This is the fourth in a six-part series on utility business model reform provided by Rocky Mountain Institute, America's Power Plan, and Advanced Energy Economy Institute, originally published by Utility Dive.
Incentives inherent in the traditional cost-of-service utility revenue model discourage utilities from investing in non-traditional solutions. This is because non-traditional solutions, such as demand management programs and distributed energy resources (DER), are normally treated as operating expenses, which are passed through to customers without earning a return. Instead, if a utility invests in a traditional "poles and wires" solution, it is given the opportunity to earn a rate of return — creating a profit motive. But it doesn't have to be this way.
Con Edison's Brooklyn Queens Demand Management (BQDM) program, where the New York Public Service Commission (PSC) adopted incentives to encourage Con Edison to contract for third-party services that drive down project costs, shows one way to create a win-win-win scenario for the utility, third-party companies and customers.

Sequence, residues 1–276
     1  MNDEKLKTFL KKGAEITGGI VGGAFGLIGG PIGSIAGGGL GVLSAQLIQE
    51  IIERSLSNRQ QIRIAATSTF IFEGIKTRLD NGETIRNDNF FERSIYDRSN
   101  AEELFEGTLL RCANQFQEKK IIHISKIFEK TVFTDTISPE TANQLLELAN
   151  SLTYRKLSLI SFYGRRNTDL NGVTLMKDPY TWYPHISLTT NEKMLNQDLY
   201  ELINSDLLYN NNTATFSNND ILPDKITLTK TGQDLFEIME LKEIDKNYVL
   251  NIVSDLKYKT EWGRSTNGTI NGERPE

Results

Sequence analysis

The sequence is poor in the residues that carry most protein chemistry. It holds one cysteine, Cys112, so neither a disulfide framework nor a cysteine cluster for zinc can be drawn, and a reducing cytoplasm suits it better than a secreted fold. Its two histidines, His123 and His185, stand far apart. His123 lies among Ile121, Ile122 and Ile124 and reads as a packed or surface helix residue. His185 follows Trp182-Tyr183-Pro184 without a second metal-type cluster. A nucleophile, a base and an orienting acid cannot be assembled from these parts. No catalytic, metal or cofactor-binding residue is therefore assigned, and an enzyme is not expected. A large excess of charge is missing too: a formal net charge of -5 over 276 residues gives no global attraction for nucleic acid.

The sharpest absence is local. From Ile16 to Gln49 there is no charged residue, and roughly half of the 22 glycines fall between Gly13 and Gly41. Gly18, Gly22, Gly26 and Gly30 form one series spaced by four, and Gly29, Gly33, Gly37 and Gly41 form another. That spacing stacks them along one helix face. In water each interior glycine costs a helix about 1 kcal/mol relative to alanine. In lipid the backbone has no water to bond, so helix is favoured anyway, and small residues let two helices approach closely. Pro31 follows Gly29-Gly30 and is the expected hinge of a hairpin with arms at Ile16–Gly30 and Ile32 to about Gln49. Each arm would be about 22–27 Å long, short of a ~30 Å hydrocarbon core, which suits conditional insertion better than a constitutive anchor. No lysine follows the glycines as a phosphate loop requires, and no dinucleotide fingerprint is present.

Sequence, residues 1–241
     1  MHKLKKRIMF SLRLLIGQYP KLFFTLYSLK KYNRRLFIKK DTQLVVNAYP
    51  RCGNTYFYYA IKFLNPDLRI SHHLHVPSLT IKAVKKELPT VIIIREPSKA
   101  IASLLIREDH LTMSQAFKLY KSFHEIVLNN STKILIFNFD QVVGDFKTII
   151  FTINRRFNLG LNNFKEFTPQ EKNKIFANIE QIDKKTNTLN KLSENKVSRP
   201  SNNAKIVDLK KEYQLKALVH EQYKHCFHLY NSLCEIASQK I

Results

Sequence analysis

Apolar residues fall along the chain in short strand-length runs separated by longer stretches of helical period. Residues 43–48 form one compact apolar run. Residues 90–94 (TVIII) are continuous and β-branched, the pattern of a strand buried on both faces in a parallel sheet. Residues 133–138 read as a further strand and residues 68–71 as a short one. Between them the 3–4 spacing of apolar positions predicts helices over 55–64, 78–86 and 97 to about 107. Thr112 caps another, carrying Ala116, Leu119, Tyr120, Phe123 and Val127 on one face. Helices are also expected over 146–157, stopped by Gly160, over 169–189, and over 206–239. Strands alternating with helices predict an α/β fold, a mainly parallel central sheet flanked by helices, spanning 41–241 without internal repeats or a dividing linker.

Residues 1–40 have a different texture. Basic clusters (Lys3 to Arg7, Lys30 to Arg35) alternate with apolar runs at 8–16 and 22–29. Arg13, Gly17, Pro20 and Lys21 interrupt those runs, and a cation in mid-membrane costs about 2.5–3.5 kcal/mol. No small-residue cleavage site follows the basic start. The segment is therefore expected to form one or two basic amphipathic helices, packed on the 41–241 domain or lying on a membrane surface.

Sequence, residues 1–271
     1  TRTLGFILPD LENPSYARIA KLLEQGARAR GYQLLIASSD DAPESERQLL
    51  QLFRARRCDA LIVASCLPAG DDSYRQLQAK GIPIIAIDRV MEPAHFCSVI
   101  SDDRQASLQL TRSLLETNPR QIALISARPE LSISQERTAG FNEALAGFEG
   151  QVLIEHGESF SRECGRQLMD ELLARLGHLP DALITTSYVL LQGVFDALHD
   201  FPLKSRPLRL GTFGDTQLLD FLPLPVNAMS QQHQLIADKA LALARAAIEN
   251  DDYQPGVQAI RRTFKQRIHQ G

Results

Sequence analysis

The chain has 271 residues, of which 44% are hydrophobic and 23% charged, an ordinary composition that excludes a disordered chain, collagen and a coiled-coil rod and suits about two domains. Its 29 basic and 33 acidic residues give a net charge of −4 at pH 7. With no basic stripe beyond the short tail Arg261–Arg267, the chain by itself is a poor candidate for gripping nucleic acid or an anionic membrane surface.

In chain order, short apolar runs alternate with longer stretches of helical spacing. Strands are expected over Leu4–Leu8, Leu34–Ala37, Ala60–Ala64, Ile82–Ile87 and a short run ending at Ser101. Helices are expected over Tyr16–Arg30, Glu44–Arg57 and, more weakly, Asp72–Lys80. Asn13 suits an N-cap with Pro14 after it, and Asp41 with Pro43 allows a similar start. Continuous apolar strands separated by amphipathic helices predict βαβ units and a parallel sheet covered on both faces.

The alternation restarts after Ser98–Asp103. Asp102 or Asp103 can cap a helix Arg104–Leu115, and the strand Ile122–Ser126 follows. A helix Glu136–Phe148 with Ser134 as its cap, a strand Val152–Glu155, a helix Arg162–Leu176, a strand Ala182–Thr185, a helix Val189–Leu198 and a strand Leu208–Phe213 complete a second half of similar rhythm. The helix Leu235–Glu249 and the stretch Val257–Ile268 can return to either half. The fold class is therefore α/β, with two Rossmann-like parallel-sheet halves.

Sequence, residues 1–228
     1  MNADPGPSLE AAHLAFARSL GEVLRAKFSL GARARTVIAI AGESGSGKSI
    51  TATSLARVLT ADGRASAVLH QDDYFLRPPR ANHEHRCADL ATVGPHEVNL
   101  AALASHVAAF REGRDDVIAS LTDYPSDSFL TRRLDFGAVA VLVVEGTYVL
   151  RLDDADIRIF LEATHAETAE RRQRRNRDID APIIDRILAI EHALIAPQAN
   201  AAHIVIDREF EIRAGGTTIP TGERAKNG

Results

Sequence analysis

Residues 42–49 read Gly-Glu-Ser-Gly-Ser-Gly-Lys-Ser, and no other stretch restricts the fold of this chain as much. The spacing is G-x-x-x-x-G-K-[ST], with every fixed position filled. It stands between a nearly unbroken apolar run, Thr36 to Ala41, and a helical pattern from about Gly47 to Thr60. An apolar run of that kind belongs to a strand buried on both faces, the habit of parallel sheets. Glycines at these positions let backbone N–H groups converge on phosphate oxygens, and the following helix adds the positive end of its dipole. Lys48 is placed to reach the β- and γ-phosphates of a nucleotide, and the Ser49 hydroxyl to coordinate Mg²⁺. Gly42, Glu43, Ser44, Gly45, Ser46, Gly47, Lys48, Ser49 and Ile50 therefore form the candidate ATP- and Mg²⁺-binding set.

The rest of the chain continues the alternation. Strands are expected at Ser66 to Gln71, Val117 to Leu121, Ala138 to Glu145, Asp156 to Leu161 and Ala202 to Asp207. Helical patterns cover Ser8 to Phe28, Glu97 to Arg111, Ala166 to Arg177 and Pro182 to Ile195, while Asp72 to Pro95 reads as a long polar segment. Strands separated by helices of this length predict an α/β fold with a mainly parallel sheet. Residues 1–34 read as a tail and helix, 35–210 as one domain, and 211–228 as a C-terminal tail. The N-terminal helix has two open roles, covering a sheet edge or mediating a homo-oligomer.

The BQDM program resulted from a settlement in Con Edison's 2013 rate case. Rising electricity demand in Brooklyn and Queens was identified as causing potential capacity constraints on a portion of its grid that could overload existing infrastructure and lead to reliability concerns as early as 2018.
The original solution proposed, at an estimated cost of $1 billion, relied on traditional approaches, including a new distribution substation, expanding an existing 345 kV switching station and constructing a sub-transmission feeder to connect the two stations. Instead, the PSC ordered Con Edison to look at non-traditional investments as ways to manage demand growth, and offered innovative incentives to adopt these alternatives: